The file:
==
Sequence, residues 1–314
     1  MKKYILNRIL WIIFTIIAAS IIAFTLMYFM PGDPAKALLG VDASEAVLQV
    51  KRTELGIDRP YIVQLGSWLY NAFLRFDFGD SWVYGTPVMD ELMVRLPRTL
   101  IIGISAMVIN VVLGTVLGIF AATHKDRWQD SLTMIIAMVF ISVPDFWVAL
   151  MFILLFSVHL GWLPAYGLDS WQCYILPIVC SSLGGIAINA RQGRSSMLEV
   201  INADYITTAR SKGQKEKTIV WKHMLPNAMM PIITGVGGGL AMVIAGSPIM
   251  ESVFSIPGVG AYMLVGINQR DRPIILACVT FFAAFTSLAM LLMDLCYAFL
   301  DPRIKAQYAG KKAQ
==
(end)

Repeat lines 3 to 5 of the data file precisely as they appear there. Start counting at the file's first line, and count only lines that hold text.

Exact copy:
    51  KRTELGIDRP YIVQLGSWLY NAFLRFDFGD SWVYGTPVMD ELMVRLPRTL
   101  IIGISAMVIN VVLGTVLGIF AATHKDRWQD SLTMIIAMVF ISVPDFWVAL
   151  MFILLFSVHL GWLPAYGLDS WQCYILPIVC SSLGGIAINA RQGRSSMLEV